“Senegalese cultural icon Youssou Ndour makes his Proms debut in a special late-night appearance. This largely acoustic performance spotlights Ndour’s characteristic soaring vocals and the smooth instrumental colours brought to life by his group Le Super Étoile de Dakar. For over 40 years Ndour has been thrilling audiences around the world with an eclectic mix of Cuban rumba, hip hop, jazz, soul and music of the West African griot tradition. In addition to his prodigious performing career – which has embraced more than 30 albums and a Grammy Award – he has also played a political role, having campaigned for the release of Nelson Mandela, performed at concerts for Amnesty International and served as a UNICEF Goodwill Ambassador.” [BBC Proms website]
Youssou Ndour & Le Super Étoile de Dakar, with Kali Kamga (vocalist)
Reviewed by: Elizabeth Jones
Reviewed: 31 August, 2018
Venue: Royal Albert Hall, London
“The king of African ballad music! You can dance! If you want to sing you can!” Thus Youssou Ndour was announced to us all by his faithful drummer bedecked in a custard-yellow tunic. Thus begun what was originally Prom 53 (August 21) on this year’s calendar.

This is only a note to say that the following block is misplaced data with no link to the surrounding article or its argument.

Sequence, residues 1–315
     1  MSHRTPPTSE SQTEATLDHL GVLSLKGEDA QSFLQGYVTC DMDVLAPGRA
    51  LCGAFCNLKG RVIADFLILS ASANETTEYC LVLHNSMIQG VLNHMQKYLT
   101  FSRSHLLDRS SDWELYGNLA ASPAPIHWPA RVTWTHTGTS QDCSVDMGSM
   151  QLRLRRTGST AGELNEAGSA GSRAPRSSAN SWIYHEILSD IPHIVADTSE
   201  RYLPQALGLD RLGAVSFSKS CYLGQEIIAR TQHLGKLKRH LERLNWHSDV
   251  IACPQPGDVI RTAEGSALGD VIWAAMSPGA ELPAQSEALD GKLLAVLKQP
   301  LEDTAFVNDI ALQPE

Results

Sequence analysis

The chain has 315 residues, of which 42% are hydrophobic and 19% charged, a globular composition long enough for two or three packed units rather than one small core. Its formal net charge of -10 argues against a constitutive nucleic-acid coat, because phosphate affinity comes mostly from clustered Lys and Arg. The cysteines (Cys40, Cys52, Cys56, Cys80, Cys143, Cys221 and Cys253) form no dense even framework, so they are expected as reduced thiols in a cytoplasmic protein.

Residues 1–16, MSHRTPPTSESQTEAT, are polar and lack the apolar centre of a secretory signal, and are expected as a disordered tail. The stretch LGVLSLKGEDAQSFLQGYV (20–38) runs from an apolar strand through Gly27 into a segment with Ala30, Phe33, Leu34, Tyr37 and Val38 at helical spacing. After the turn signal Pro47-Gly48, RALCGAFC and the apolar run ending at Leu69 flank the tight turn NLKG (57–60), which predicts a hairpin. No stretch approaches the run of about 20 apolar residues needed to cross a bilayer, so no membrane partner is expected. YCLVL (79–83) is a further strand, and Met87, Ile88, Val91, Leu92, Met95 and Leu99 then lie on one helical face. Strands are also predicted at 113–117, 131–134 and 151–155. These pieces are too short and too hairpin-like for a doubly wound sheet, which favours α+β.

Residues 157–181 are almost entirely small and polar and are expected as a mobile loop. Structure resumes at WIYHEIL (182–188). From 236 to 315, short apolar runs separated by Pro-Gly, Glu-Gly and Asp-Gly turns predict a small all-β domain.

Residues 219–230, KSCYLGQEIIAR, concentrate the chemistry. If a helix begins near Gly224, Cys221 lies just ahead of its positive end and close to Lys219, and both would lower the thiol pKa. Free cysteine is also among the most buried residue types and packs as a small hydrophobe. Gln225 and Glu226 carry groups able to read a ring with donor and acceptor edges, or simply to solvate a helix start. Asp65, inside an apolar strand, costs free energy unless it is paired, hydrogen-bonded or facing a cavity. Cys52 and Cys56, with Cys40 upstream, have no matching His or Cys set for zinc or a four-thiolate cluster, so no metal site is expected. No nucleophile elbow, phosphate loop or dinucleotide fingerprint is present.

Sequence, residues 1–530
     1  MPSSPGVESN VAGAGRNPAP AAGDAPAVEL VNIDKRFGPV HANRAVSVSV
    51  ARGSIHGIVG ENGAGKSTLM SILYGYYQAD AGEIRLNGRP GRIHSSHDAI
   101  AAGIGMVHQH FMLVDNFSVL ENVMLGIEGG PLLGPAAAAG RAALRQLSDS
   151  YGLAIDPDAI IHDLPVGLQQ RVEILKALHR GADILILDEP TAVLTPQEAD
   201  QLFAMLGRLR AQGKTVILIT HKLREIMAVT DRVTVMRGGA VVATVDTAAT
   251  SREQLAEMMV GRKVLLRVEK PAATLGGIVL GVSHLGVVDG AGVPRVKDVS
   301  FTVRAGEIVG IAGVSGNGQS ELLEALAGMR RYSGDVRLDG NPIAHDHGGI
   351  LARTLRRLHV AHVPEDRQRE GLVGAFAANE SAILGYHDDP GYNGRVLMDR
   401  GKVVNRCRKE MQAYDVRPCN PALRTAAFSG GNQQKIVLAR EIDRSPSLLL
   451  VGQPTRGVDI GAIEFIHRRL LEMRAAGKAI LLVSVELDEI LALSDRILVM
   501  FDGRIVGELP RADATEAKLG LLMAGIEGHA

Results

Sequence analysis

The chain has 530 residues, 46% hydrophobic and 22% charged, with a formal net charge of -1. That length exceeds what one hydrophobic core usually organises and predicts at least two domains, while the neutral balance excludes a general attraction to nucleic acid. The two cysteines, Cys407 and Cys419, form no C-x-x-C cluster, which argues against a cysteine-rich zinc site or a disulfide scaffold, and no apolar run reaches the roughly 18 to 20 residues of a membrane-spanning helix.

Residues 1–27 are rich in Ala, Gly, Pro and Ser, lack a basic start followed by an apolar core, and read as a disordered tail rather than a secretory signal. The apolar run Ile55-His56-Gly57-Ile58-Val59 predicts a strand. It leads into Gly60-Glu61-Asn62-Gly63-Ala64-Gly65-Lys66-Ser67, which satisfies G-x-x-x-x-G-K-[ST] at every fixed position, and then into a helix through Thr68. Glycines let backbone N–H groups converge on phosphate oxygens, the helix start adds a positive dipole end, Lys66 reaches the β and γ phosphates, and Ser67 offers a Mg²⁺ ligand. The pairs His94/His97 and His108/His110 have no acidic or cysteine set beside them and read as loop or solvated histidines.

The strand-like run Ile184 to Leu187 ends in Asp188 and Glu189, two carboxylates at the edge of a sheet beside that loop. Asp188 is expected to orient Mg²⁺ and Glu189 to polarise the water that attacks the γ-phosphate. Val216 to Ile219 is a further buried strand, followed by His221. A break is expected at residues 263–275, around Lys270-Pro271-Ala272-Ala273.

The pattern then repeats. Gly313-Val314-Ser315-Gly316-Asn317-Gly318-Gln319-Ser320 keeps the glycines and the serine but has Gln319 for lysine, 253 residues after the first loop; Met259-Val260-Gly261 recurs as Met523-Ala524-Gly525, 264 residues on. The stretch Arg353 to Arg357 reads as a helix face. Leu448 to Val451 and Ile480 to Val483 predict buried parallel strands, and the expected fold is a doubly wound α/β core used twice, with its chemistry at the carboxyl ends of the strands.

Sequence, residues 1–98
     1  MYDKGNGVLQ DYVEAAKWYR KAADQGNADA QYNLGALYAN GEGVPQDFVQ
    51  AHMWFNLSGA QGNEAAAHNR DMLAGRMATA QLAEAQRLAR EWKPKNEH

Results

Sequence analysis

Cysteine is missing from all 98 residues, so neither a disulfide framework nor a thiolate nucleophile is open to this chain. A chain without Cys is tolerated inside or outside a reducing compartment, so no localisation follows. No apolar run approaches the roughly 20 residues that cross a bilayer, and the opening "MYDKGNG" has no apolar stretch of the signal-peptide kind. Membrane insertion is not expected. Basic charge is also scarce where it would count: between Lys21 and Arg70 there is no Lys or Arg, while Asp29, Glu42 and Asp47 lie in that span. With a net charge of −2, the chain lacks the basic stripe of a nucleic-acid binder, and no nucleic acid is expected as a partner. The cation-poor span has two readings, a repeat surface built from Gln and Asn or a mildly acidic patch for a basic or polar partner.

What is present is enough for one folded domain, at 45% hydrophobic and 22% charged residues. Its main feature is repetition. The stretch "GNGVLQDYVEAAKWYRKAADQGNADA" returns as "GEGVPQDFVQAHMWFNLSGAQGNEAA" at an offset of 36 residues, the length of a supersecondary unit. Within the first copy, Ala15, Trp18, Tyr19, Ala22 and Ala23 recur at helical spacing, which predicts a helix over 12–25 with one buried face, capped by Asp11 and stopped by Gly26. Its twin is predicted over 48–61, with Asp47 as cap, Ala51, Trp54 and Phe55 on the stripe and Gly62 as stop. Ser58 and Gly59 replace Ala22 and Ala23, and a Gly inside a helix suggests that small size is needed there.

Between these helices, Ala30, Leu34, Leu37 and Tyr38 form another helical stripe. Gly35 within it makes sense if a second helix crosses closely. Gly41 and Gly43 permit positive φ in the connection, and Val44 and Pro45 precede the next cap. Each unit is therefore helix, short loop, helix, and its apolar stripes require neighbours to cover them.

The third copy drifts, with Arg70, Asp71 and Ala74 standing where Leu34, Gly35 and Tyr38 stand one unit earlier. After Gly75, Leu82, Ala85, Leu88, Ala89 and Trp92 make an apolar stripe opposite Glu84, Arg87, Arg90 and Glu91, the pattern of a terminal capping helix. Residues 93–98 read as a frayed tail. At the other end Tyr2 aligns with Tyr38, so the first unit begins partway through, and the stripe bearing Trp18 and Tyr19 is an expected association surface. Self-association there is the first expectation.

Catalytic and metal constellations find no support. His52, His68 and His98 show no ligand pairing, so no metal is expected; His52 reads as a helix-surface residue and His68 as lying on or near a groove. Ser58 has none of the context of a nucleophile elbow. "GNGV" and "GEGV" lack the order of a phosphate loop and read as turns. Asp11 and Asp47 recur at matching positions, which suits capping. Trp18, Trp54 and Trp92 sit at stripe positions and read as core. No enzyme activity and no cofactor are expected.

Late-summer red lighting filled the Royal Albert Hall as Youssou opened his set with his signature sporty and sure vocals. His infectious joy of singing got the audience on its feet whilst his band of guitarists, drummers, keyboard-players and backing singers dance-hopped along.
Then came a star slot – the talking-drum-player Assane Thiam who spell-bounded the audience with his frenetic yet melodic drumming similar to human humming. The music was complemented by a folk-dancer, Alla Seck, who leapt and spun around like a showy cockerel and who popped up vigorously throughout the performance in a variety of lavish costumes.
Cuban Salsa was interwoven with mbalax rhythms for Youssou’s comic song ‘We Want the Money Money…’ followed by a breathtakingly beautiful flute intro by Alain Rodrigue Oyono who then switched to saxophone segueing into a virtuosic Fender guitar show: part-Little Richard, part-Jimi Hendrix. Under the surface of the instrumental music were the male and female backing- singer harmonies, 1960s’ Ronettes-style.
Throughout Youssou held us captive with an outstanding vocal range with more than enough power to be a match for the cavernous venue. There followed some of his greatest hits including ‘7 Seconds’ with Kali Kamga reprising Neneh Cherry’s vocals and ‘Set’ with its staccato percussion. Then Youssou announced ‘New Africa’ dedicated to the country of progress and riches; a solemn anthem.
This late-night Prom concluded with Senegal Rekk’ and ‘Be Happy’ with Youssou declaring “I am happy tonight, the band is happy tonight, be happy!” Youssou’s leonine voice, Seck’s virile dancing and the virtuosity of the band made it a glorious celebration.
- Broadcast live on BBC Radio 3 (available on BBC iPlayer for thirty days afterwards)
- BBC Proms www.bbc.co.uk/proms